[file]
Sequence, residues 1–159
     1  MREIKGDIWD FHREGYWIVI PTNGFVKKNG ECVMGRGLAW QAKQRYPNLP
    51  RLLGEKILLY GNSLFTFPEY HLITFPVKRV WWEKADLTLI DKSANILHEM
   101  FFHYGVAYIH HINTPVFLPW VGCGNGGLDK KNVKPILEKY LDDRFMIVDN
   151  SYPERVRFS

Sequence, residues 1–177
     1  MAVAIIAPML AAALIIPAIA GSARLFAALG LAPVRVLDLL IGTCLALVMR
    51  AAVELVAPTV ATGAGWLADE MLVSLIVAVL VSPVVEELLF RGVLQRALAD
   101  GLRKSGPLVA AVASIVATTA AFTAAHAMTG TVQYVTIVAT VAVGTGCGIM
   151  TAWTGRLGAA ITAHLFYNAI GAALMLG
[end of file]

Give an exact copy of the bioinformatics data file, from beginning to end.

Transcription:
Sequence, residues 1–159
     1  MREIKGDIWD FHREGYWIVI PTNGFVKKNG ECVMGRGLAW QAKQRYPNLP
    51  RLLGEKILLY GNSLFTFPEY HLITFPVKRV WWEKADLTLI DKSANILHEM
   101  FFHYGVAYIH HINTPVFLPW VGCGNGGLDK KNVKPILEKY LDDRFMIVDN
   151  SYPERVRFS

Sequence, residues 1–177
     1  MAVAIIAPML AAALIIPAIA GSARLFAALG LAPVRVLDLL IGTCLALVMR
    51  AAVELVAPTV ATGAGWLADE MLVSLIVAVL VSPVVEELLF RGVLQRALAD
   101  GLRKSGPLVA AVASIVATTA AFTAAHAMTG TVQYVTIVAT VAVGTGCGIM
   151  TAWTGRLGAA ITAHLFYNAI GAALMLG